She had moved from Turner Retirement Homes to our home on June 28th—after receiving a diagnosis of pancreatic cancer. The family decided to move her to Redmond. Regi and I, with help of Partners in Care hospice services as our guide, and her 4 daughters would take care of her through her last months.
Your letters, cards and phone calls were the highlight of her day. Myrleen had a special story of each of you and how your lives were connected. It helped with her memory as she visualized where you would be with her. Myrleen’s month of December was full of changes—your communications supported her and she felt your prayers and positive thankfulness.
We will be taking her ashes to the Tillamook Cemetery, to be placed by her husband Willard.
Myrleen closed her Winter letter with this: Much love and I close with John 3:16 & 17—as a reminder of God’s great love for one and all.
In closing, we were with her until the last breath and she was peaceful and comfortable.
Each group will be reading and discussing two books: The Art of Neighboring by Jay Pathak and David Runyon and Placed for a Purpose by Chris & Elizabeth McKinney. Sign up (Hi School-Adults) in the lobby to choose a group & order books.
Kids are also included in our upcoming focus on loving our neighbors! They will follow the same topics as adults, but at an age-appropriate level. Younger ones will learn through story, crafts and play. Older kids will learn through discussion, activities and games.
Group A: Pre-K ― 3rd Grade Group B: 4th ― 8th Grades
Sign up in the Church lobby or contact Pastor Rachel
All Ladies Are Invited
To An Evening of Fun, Fellowship and Prayer!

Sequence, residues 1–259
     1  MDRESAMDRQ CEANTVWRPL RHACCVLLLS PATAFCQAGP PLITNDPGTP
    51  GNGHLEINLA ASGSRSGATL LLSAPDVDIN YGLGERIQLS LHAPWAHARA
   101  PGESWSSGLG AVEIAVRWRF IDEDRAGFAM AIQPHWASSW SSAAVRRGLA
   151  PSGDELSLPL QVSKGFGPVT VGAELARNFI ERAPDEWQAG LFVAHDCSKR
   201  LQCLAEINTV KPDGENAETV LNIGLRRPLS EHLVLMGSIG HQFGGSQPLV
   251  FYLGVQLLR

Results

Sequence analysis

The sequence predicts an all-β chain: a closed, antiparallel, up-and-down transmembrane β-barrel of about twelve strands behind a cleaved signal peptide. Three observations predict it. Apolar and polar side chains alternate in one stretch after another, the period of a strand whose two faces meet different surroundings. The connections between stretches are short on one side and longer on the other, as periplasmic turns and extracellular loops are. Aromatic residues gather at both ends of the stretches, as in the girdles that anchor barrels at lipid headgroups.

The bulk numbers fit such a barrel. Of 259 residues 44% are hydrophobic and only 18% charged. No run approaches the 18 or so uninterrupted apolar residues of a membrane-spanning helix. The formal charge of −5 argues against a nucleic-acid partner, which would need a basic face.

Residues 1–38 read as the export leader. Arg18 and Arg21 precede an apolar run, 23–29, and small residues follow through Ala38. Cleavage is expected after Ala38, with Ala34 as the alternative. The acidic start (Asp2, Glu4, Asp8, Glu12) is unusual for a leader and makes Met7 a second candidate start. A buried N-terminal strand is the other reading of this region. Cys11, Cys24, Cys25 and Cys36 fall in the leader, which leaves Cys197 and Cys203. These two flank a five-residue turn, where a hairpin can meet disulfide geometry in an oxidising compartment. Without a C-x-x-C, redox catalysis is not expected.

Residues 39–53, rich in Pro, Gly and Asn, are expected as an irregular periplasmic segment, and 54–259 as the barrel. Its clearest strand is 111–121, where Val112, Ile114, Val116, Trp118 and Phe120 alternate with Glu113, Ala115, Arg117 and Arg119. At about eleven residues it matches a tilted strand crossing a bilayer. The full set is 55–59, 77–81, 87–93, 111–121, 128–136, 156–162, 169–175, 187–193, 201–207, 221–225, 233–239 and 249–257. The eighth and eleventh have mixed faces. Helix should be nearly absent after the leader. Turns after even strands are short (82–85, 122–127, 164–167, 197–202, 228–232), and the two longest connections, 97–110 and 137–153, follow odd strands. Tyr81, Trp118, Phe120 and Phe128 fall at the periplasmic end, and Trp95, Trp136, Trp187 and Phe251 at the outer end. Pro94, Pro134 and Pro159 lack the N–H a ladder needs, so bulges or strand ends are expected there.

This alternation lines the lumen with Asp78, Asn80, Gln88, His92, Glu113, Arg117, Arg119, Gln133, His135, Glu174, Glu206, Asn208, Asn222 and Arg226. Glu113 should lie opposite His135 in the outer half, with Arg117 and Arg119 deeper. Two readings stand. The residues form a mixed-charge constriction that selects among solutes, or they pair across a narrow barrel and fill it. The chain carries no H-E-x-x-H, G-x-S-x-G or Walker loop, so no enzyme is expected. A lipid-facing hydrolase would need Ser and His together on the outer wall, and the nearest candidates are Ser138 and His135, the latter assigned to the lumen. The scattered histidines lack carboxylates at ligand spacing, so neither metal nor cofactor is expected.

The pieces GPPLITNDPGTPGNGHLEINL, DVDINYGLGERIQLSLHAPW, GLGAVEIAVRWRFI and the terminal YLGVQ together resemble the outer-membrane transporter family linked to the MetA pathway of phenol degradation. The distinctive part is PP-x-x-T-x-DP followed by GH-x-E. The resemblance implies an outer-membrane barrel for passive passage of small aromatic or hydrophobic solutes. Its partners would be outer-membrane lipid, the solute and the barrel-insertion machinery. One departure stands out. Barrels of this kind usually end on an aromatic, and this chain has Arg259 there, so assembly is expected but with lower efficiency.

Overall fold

We will watch the movie “Gigi and Nate.” Based on a true story about a young man whose life is turned upside down after he suffers a near fatal illness and left a quadriplegic. Moving forward seems impossible until he meets his unlikely service animal, Gigi—a curious and intelligent capuchin monkey.
After the movie we will share in a time of prayer for our church and community. Invite a friend to come with you and bring a snack to share!
Learn about how we do Family Ministry here at TCC, and why do things the way we do. You’ll hear about upcoming events, meet volunteers, mingle with other parents, and ask any questions.
Nursery care will be provided for ages 0-3. Games and crafts for Pre-K ― 5th Grade. Youth Room Fun for Middle and High School students.
Please RSVP to Pastor Rachel!
Oregon became the 33rd State on February 14, 1859!
The Seniors Ministry Is Hosting a Celebration
Honoring Oregon’s 164th Birthday!
Tuesday, February 14, 2023 at 1:00 pm.
All Seniors from TCC, TRH and the Community are
invited for an afternoon of fun, snacks and trivia!
February 22, 2023
7:00-9:00 am - Open to Individuals
6:00 pm - Congregational Service